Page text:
Dalmatia

Dalmatia (dălmāˈshə) [key], Croatian Dalmacija, historic region of Croatia, extending along the Adriatic Sea, approximately from Rijeka (Fiume) to the Gulf of Kotor. Split is the provincial capital; other cities include Zadar (the historic capital), Šibenik, and Dubrovnik. Except for a coastal lowland, Dalmatia is generally mountainous, rising to the Dinaric Alps. The coast, which is famed for its scenic beauty and its resorts, has many bays and excellent harbors protected by a chain of islands. Although Dalmatian rivers are mostly unnavigable, they supply a substantial portion of Croatia's hydroelectricity. Agriculture, fishing, and tourism are the principal economic activities. There is also industry and mining in the region. The bulk of the population consists of Roman Catholic Croats; there are also Eastern Orthodox Serbs and some Italians (mainly at Zadar and nearby cities).

Long in conflict with Rome, Dalmatia was definitively subdued by Augustus (35 B.C.–33 B.C.) and was incorporated with part of Illyria as a Roman province. It was overrun by the Ostrogoths (5th cent. A.D.), reconquered by the Byzantine Empire (6th cent.), and settled, except in the coastal cities, by the Slavs in the 7th cent. By the 10th cent. it was divided between the kingdoms of Croatia (north) and Serbia (south), while Venice held several ports and islands.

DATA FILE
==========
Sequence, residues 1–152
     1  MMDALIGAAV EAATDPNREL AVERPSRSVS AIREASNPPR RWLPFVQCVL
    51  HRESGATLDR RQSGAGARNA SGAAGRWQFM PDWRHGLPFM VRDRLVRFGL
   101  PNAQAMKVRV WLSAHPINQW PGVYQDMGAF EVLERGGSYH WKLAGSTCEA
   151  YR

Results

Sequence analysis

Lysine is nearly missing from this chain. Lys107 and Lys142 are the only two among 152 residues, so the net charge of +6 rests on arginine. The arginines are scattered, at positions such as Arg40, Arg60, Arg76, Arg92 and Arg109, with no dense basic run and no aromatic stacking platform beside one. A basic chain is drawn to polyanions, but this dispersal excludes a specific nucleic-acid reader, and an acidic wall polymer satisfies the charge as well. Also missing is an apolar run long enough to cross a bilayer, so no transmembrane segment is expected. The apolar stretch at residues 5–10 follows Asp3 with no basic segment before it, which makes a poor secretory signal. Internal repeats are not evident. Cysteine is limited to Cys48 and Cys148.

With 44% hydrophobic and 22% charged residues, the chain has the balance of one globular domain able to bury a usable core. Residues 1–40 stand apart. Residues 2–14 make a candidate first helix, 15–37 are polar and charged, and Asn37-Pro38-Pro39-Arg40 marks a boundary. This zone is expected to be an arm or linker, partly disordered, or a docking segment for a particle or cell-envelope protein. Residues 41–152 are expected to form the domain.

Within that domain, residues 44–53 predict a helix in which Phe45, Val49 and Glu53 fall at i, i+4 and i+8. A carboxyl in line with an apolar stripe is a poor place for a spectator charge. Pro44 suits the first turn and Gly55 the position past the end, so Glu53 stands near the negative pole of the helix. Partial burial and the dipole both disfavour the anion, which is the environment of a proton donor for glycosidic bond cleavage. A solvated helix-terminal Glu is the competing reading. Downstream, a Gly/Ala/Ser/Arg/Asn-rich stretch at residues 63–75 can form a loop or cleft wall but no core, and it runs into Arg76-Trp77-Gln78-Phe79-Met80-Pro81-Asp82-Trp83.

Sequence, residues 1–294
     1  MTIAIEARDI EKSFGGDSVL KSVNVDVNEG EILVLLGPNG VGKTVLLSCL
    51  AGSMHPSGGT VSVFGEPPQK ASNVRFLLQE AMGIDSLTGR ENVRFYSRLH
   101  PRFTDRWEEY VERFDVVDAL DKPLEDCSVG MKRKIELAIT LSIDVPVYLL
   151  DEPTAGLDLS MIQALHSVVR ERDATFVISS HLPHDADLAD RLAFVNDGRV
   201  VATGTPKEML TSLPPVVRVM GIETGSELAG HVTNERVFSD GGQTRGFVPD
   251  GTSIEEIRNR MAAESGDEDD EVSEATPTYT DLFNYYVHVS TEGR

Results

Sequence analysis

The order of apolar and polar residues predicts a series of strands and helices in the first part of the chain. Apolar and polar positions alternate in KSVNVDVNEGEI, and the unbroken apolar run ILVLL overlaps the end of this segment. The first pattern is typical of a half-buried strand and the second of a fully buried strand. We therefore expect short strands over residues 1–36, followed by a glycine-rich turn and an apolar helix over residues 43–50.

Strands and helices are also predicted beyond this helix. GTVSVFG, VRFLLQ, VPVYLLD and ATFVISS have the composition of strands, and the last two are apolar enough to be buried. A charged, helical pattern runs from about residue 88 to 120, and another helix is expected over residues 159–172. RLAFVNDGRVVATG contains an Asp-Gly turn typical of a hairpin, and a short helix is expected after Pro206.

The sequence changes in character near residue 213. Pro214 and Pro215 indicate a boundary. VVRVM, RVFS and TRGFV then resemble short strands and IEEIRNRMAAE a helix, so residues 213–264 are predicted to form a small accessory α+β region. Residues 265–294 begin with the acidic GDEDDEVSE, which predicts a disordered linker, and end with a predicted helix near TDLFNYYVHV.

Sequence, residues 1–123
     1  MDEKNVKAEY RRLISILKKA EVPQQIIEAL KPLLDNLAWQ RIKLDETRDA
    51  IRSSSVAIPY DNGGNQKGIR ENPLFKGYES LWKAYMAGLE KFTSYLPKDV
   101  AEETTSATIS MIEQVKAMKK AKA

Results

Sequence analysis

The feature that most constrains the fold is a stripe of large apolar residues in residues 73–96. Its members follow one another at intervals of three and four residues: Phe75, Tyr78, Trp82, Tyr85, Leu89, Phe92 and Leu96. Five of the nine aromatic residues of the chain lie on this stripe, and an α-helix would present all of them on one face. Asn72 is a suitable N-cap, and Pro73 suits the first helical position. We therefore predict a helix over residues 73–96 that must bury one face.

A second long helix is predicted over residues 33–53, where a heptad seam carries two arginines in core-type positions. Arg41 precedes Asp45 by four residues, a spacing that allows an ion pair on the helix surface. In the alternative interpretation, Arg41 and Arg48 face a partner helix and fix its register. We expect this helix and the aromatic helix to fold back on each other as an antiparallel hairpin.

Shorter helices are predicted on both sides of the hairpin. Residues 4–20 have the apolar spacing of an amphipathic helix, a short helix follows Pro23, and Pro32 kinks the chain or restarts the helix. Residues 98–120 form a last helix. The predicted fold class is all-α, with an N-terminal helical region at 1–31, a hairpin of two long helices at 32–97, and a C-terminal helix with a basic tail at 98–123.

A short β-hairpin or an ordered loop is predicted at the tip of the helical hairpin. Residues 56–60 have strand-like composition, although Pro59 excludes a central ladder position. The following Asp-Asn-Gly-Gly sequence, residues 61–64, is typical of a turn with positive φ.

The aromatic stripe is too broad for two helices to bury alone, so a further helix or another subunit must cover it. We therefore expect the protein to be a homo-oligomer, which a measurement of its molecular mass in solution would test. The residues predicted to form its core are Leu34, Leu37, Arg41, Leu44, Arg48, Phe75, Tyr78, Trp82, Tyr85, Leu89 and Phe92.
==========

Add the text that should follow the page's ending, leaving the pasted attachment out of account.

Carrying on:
After several centuries of struggle, chiefly between Venice and the crowns of Hungary and Croatia, the coastal islands and most of Dalmatia, except Dubrovnik, were under Venetian control by 1420. Hungary retained the Croatian part, which in 1526 passed to the Turks but was recovered by the Treaty of Karlowitz (1699). The Treaty of Campo Formio (1797) gave Venetian Dalmatia to Austria, and the Treaty of Pressburg (1805) gave it to France. It was first attached to Napoleon's Italian kingdom but in 1809 was incorporated into the Illyrian provs. (see Illyria). The Congress of Vienna restored (1815) it to Austria, where it was made (1861) a crown land, with its capital at Zadar.

By the secret Treaty of London (1915) the Allies promised Dalmatia to Italy in return for Italian support in World War I. In Dec., 1918, it became part of the newly established kingdom of Serbs, Croats, and Slovenes (after 1929 Yugoslavia), but Italy continued to claim Dalmatia. The Treaty of Rapallo (1920) gave Dalmatia to Yugoslavia, except for Zadar and several islands, which subsequently passed to Italy. During World War II, Italy held most of Dalmatia, and after the war it was returned to Yugoslavia. The Italian peace treaty of 1947 gave Yugoslavia the islands that had been ceded to Italy after World War I. Following Croatia's secession from Yugoslavia in 1991, fighting broke out between Croats and Serbs. Many of the port cities in SE Dalmatia were heavily shelled as the Serbs, backed by Yugoslavian federal forces, unsuccessfully attempted to detach that region from Croatia.

The Columbia Electronic Encyclopedia, 6th ed. Copyright © 2012, Columbia University Press. All rights reserved.

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